MY TWO NEWEST BOOKS WERE RELEASED: Here is the link to Understanding Stocks (third edition): https://amzn.to/3wO761F (Amazon) or https://bit.ly/3udwAUf (Barnes and Noble). Here is the link to How to Profit in the Stock Market: https://amzn.to/35lnjQy
WHAT THE TECHNICAL INDICATORS ARE TELLING US THIS WEEK
Short-term trend (DAILY CHART) – MAJOR SELLOFF. The indexes plunged again last week, with SPX dropping from 3693 to 3585, a painful 108-point pullback. The market had one good rally during the week, but reversed the next day. The daily chart is downright ugly, falling well below its 50-, 100-, and 200-day moving averages. Futures are higher in the morning, which should translate to a strong opening. The question is: how long will it last?
Long-term trend (WEEKLY CHART) – DOWNTREND. SPX is resting on its 200-week moving average, and if support doesn’t hold, it will get a lot uglier. My money is on support holding, followed by a rally (this is not a prediction, only an educated guess).
MACD (WEEKLY) = DOWNTURN. The WEEKLY MACD continues to display trouble, as MACD breached both the 9-day signal line and zero line.
RSI: (S&P 500) @28.47 (DAILY) EXTREMELY OVERSOLD. For the second week in a row, RSI fell below 30, which reflects extreme oversold conditions. A monster rally is likely but RSI does not tell you when. Hold on to your seatbelts as this is an important week. Put another way, RSI is warning of a reversal to the upside.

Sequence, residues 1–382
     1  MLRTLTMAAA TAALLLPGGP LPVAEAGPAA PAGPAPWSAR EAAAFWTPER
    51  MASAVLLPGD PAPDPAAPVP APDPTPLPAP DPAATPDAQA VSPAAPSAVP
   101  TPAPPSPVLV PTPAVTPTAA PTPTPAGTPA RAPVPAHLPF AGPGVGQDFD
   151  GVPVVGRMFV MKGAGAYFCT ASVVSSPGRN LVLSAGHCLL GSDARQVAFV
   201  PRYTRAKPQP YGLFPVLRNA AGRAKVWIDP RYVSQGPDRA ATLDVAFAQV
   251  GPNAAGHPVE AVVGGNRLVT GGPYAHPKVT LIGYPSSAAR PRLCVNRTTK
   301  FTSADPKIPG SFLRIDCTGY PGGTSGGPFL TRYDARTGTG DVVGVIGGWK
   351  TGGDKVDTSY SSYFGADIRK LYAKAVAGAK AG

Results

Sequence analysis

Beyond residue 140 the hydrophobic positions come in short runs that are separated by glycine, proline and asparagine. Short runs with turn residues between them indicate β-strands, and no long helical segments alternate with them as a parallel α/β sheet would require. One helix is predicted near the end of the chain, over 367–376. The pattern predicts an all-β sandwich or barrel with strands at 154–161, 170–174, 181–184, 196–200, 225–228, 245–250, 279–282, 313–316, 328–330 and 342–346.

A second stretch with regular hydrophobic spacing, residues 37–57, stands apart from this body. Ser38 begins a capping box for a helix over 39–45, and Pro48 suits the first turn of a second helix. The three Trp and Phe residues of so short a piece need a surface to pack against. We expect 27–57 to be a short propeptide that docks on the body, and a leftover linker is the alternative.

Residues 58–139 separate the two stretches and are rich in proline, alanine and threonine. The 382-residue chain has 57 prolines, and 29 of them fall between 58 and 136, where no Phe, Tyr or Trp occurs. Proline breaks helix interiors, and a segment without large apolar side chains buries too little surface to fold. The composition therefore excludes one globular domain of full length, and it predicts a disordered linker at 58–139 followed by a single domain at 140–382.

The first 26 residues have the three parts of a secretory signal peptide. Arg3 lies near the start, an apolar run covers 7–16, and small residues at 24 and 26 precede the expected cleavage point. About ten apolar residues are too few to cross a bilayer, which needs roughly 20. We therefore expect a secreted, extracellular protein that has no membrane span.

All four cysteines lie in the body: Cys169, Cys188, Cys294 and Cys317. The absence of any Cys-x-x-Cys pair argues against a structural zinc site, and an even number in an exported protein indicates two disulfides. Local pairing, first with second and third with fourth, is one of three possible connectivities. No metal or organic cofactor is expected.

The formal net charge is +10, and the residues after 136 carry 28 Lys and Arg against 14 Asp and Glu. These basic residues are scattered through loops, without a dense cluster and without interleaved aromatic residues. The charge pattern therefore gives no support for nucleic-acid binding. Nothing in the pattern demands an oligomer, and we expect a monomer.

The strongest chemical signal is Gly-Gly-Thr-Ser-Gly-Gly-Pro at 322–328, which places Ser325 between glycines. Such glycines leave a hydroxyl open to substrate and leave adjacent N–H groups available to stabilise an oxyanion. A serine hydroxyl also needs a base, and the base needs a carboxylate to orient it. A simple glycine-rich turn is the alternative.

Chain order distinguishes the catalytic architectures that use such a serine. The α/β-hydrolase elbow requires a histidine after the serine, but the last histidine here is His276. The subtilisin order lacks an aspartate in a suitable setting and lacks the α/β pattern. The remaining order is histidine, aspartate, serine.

Daily Intraday Volatility (VIX) = 31.62 ELEVATED: The VIX is telling us that fear has finally creeped into the marketplace, as option buyers are protecting their portfolios with puts. At 30 and above, option traders are nervous. (At 40 or above, it reflects extreme fear that results in a tradeable bottom.)
Comment: Many investors are dealing with the selloff and bear market by refusing to look at the market or their statements. That is one way of dealing with the pain (by pretending it’s not there). Another way is to use indicators and clues to identify a short-term bottom.
Based on RSI, a monster rally should occur shortly. Unfortunately, the rally will probably not last for long. As you have seen in the last few months, every rally has been followed by a selloff (this occurs when many fund managers dump stock positions to salvage gains or limit losses).
By now, I’m sure you realize this is a bear market, and they are tricky animals. Many investors believe the worst is over, especially if there is a short-term rally. Unfortunately, if this follows a traditional bear market, the indexes have much further to fall.
Hopefully, you are diversified and also looking at fixed income products such as CD’s paying 4 percent or T-bills paying 3.85 percent. These products are not perfect but they are ideal in a high-risk trading and investing environment.
Bottom line: We are in a bear market, and they are not fun. They also last a relatively long time, so keep your seatbelts fastened.